TS. Not only my demands, the people of South Africa's demands.  We are prepared to negotiate our demands, we have the right.  The people are calling for a referendum.  The people of South Africa, no matter how big their parties or their organisations, whoever is in South Africa at this time must have a word.  They must say what they want in the new South Africa.  Not to be just pushed aside as if only the ANC can say the words and the people must listen to the ANC and the government.  Each and every one in South Africa must be happy with the constitution, how it will look, what are we going vote for, and things like that.

POM. There are many people, actually political commentators, who are saying that the only reason why the IFP does not want elections next year for a Constituent Assembly, is because nationally it would probably get less than 10% of the vote and only have a marginal influence on the development of the constitution.

TS. That is a joke.  Let's make this point clear.  We have never said that we don't want the elections.  We say let us write the constitution first then they can have elections, we are not saying that there must be no elections, that we do not want elections.

POM. I am not saying that you do not want elections.  What I am saying is that you want the constitution put in place first.

TS. Yes, that is right.

POM. You want the constitution put in place before the elections.  Because you know that if there were an election for the Constituent Assembly, you might nationally get only 10% of the vote and that would not be very much of an influence in a debate within the Constituent Assembly if a constitution was then drawn up by the Constituent Assembly, so you are trying to safeguard your own interests.

TS. Oh no, we are not only trying to safeguard our interests, we are trying to safeguard the interests of the people of South Africa.  Everybody must know what is going to take place, what and when to vote for, what the country will look like, that is why we are demanding a constitution.  We are not worried who will win the elections because our place is there in the document.  If the ANC can win we would be in the planning because it will be the multi party government who are in power, even if the National Party wins.  But with other speakers there, in the parliament, we are not worried about that.   But we must know what is the future of our children.  Our children are not the people who will be voting.  Not that somebody you vote for goes and writes the constitution and they have all the powers, they can write anything and we will never say anything after that.  Because those people who are calling for the Constituent Assembly, they want to grab power.  That is the one way that they can gain power.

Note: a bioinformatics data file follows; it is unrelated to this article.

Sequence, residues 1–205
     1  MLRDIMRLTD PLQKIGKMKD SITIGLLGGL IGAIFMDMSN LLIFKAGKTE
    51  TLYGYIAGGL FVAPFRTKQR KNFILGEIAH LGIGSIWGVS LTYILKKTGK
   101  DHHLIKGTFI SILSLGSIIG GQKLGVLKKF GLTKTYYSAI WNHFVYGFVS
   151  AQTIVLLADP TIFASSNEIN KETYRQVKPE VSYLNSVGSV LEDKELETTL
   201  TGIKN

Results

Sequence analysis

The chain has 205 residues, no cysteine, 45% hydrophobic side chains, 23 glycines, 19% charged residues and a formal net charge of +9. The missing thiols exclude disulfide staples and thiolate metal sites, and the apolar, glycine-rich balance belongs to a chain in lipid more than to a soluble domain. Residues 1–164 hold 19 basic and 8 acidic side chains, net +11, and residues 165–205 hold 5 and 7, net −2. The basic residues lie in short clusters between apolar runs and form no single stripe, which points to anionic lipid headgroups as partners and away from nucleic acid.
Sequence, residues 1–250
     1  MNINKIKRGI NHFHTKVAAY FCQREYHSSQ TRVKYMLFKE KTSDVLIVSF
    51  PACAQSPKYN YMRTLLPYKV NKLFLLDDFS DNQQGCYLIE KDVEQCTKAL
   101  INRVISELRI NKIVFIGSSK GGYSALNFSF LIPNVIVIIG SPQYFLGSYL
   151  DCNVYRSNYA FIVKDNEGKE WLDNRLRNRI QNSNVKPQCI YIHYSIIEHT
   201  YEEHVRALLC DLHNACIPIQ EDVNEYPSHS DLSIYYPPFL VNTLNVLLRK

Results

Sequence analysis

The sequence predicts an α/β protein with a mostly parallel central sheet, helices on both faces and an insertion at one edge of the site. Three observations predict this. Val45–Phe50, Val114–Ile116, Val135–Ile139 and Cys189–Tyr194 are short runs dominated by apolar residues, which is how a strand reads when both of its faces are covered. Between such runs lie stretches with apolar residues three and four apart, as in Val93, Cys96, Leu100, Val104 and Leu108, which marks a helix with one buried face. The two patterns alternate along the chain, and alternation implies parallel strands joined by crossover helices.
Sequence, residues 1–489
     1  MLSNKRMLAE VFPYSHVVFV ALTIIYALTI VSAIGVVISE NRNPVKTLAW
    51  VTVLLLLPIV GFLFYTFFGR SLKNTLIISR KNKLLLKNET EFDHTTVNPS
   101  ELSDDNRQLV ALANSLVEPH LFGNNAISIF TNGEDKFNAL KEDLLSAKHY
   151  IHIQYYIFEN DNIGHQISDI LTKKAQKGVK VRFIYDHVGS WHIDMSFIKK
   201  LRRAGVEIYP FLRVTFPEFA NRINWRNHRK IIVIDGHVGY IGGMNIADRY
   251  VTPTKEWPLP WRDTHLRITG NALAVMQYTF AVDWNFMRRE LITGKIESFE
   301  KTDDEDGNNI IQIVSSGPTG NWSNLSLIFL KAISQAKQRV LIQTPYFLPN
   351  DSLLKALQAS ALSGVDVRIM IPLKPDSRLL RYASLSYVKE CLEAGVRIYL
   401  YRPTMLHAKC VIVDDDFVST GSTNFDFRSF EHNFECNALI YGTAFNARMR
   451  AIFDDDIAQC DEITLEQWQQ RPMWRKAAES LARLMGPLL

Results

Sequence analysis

POM. Are you saying that they want to write the constitution, gain power and then they will be the first and the last government and there will never be any successive governments?

TS. You will never take them out.  I know that is why they want that, they want to stay in power one way, and then they start grabbing people's land, you must pay tax and this and that.  Because they are communists you must never trust them.  People of South Africa, black, white, Indian, coloured all must have a constitution that is fair, then you know exactly what you are going to vote for. That is what we are saying, what type of a government we will have.  We must have a referendum.  After writing the constitution we must get the feelings of the people.  If everybody says it's OK then it's OK.

POM. Yesterday we had a meeting with the King, and he talked about what was going on as being a threat to the Zulu nation.

TS. Definitely.

POM. Is that a big factor?  Do people like to think that they are not just a member of the IFP but actually of the Zulus?

TS. Yes, even those who are not involved in politics, we listen to foreign programmes, we listen to the news, we read the papers.  We have people in South Africa to comment on the radio phone-in programmes, this and that.  They have that fear, many people see clearly what is happening that the Zulus are being undermined.  People are trying to bury the Zulus.  There must be no Zulus, they must just take over Zululand.  We have KwaZulu Natal, we have our kingdom, people cannot just take that easily.

POM. Who are these people?

TS. I can say the ANC and the National Party.  That is why they are working very closely together and my feeling is that I wonder what did they find on this record of understanding?  Are we actually exposing the record that was signed together to the world and the people of South Africa or the point that they agreed on before working together like they are working together now?  And many people are so happy so see the government and the ANC working together because they have been enemies and they did not want to talk to each other.  We appreciate that they can have bilateral talks, they can go to hotels together, sleep in one bed, do what ever they want to do, we are not worried about that.  That is very good, because they both did not believe in talks.  The ANC has believed in an armed struggle and the National Party were saying they would never talk to the terrorists, now they are talking to each other.  But they mustn't take bilateral decisions without the people of South Africa being involved no matter from which party or political organisation, they must consult with the people of South Africa.

POM. Now last year this time when we talked to you, there were stayaways going on and the three day strike or whatever, the government and the ANC were very much polarised, and the government had a much closer relationship with the IFP and with Dr Buthelezi than that of the ANC.  What would happen if those roles were to be turned around, what would happen if you were to turn the whole thing around?